We can also search in vain for a votive axe from Raunds. There are six of them reported from Northamptonshire, but none of them come from Raunds or anywhere near it. Again the "information" that Mr Cameron supplied that the object has been responsibly reported is false.

I wondered if he meant the private pirate "database" the UKDFD set up in 2005? It appears not. On two pages here and here, we can see 24 items from Raunds listed there (that's four finds a year). Ten of these items (so again about half) are coins and one medallion. And, yes, there are four brooches shown there from Raunds. Again however these cannot be those mentioned in my post, two of them were found in or before 2005, one in 2008 and the fourth in 2009. What is interesting is that of the 22 searchable records of finds made by the metal detectorists of the UKDFD taking artefacts from the archaeological sites around Raunds, NONE of them had been reported "anywhere else", that includes the PAS. Showcasing found geegaws in the pirate database the UKDFD is no substitute for reporting items to the official scheme set up with public money for recording finds made by members of the public which has been running now for a decade and a half.

Central Searchers is based in Raunds and was set up in September (I think) 2005, so it has been operating now five and a half years. They organize fortnightly club digs "when land is available and not under crop growth. We try to offer between 60 and 100 acres to search on each outing, shared amongst a turn out of around 30 to 50 detectorists" (it used to say "weekly"). So that's twenty or so rallies a year, 110 or so attended by (let's say) 30 detectorists. By my maths that is at least 3300 days detecting since they have begun (at eight quid each and enrolment fees of 25 quid a year, that's a minimum of 33 000 quid these people have made out of this organization selling off bits of Britain's archaeological heritage at weekends - probably much more as many rallies are "sold out"). How many finds have been removed from the fields of "Northants, Cambs, Leicestershire, Bedfordshire, South Lincs, West Norfolk, West Suffolk, North West Essex, North Herts, Norths Bucks, North East Oxfordshire, East Warwickshire and maybe into South East Staffs" by Central Searchers Members and NOT reported like it seems (despite the false "information" supplied by Mr Cameron) many of the finds from the rallies they have held in Raunds?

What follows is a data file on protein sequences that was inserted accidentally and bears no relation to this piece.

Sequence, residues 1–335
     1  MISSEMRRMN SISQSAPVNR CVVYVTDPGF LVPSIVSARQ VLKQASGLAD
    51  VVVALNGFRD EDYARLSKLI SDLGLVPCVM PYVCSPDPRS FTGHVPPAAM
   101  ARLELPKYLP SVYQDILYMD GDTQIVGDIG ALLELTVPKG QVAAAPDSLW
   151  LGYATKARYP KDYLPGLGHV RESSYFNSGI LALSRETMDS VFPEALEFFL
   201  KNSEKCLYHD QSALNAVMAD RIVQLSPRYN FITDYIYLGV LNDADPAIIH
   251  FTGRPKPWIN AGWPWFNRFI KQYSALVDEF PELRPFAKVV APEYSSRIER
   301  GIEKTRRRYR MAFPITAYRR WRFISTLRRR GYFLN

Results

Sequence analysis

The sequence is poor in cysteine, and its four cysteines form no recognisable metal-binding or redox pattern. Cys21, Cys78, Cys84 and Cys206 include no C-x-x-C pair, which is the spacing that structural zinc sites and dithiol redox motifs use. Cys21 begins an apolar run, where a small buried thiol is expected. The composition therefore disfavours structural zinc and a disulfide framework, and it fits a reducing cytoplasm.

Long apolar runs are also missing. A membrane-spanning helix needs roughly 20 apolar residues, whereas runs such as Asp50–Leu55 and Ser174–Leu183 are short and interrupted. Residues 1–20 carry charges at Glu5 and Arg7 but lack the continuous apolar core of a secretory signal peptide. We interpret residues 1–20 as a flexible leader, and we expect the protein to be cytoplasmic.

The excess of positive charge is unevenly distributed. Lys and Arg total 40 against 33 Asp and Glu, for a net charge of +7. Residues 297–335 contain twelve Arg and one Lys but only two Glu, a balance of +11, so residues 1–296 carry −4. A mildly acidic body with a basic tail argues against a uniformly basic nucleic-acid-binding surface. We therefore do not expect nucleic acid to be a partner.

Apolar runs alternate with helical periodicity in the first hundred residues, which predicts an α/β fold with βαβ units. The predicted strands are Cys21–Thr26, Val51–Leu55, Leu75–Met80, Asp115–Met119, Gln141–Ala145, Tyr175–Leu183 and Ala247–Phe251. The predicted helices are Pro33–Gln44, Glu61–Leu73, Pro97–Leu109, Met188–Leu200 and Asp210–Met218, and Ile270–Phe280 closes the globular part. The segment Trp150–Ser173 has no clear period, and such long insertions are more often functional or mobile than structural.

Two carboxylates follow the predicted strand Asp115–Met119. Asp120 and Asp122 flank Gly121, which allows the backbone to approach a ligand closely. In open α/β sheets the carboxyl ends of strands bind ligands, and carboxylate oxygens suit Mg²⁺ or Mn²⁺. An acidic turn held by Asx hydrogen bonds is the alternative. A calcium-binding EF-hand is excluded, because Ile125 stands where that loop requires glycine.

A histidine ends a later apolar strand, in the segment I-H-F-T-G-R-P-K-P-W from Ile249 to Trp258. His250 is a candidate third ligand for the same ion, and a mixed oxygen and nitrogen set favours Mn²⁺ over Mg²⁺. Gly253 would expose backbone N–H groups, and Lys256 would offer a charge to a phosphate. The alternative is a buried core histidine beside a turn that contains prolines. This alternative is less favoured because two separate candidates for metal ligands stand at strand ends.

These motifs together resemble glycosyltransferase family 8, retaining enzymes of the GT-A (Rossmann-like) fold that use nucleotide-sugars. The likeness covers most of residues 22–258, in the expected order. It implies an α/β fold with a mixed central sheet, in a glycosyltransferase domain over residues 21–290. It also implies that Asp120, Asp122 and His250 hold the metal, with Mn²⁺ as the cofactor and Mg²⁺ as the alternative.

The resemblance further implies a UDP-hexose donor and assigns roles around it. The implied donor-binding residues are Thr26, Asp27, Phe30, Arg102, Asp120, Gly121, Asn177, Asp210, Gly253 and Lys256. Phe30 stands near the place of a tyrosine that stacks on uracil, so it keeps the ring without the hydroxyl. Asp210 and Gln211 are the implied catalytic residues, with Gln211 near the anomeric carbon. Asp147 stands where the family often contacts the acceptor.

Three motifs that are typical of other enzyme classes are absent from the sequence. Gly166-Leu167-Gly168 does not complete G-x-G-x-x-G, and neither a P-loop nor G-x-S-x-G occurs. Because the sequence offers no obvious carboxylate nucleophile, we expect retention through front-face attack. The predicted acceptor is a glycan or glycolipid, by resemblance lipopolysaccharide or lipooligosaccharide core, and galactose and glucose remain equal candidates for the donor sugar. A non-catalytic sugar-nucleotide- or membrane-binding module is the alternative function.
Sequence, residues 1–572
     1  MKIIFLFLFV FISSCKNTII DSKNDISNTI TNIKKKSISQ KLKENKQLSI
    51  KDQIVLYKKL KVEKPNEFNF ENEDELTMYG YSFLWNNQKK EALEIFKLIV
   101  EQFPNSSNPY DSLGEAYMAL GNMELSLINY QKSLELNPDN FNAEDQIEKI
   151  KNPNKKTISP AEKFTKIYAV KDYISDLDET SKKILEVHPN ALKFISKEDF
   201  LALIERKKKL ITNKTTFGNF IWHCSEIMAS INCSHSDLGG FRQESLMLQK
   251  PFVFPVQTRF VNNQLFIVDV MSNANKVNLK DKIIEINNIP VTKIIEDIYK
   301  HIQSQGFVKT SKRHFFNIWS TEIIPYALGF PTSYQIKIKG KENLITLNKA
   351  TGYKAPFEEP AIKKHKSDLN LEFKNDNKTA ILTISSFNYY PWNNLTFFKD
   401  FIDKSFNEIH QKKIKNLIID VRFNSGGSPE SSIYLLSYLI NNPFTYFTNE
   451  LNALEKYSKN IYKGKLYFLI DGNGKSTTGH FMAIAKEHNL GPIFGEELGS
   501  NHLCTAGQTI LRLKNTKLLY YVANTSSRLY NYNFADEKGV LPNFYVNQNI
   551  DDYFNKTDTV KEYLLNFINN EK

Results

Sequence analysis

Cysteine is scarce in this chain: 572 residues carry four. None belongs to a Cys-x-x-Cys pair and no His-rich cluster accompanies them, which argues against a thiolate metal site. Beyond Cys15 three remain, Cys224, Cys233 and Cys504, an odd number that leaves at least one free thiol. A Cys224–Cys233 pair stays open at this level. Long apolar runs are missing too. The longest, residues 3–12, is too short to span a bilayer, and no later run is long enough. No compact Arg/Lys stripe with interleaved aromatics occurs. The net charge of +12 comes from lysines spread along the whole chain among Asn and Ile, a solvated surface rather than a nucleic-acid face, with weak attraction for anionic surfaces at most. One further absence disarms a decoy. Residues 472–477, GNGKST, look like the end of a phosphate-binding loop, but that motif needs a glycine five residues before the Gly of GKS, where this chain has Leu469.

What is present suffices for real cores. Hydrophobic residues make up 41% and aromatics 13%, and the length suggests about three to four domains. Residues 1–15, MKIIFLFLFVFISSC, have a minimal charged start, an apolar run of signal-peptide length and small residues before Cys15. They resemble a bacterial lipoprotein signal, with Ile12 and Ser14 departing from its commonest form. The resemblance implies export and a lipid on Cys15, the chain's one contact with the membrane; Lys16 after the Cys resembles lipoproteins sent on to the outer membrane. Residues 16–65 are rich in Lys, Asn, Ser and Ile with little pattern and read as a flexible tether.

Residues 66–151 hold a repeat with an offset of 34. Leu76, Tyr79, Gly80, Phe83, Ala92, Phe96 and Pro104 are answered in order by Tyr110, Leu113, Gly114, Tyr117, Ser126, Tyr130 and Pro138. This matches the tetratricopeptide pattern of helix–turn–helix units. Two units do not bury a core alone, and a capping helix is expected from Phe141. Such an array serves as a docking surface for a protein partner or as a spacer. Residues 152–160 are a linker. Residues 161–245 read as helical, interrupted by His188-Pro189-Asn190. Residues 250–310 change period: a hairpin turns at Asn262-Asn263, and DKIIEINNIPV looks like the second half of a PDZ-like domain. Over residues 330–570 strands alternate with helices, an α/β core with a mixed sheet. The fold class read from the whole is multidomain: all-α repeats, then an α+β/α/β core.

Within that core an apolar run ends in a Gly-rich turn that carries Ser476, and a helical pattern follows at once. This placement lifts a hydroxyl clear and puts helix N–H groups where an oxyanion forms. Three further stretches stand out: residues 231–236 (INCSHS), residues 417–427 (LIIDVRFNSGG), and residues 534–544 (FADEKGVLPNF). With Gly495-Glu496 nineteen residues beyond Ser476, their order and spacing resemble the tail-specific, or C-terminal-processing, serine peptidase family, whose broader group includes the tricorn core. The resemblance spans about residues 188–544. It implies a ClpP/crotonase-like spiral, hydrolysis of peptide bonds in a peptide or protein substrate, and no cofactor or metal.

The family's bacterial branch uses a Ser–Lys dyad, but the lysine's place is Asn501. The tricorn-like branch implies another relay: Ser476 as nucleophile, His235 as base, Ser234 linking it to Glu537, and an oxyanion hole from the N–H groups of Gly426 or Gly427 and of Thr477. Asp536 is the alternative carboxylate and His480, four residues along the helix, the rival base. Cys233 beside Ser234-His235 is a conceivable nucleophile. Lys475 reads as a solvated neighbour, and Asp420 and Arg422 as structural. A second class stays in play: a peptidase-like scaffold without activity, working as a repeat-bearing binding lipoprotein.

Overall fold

So, Mr Cameron, why say these objects are reported when anyone can check that they are not? Or did you just say the first thing that came into your head like most detectorists (and their supporters) do, not realising that some people prefer the facts to glib, false and meaningless assurances from metal detectorists? Please supply the references to where you assert these items are properly "reported" and I'll put them up here.

Until such a time:

CENTRAL SEARCHERS Warning to Landowners
: Please don't let these people on your land, they are exploitive commercial artefact hunters and have demonstrated that they cannot be shown to be trusted to act responsibly in terms of the 2006 Code of Practice for Responsible Metal Detecting in England and Wales agreed with a number of national organizations including landowners' associations and the NFU. Note there is no mention of this code in the club's "rules" and at the time of writing not even a link to it on the club's home page. Environmentally committed landowners will want to keep this kind of irresponsible and exploitive unmitigated commercial erosion of the archaeological heritage off their land. If in doubt, check with the Portable Antiquities Scheme if a given metal detectorist asking to come onto your land has a long and consistent record of responsible behaviour and recording their finds to the official body set up at public expense to do that.

Photo: Copyright Paul Barford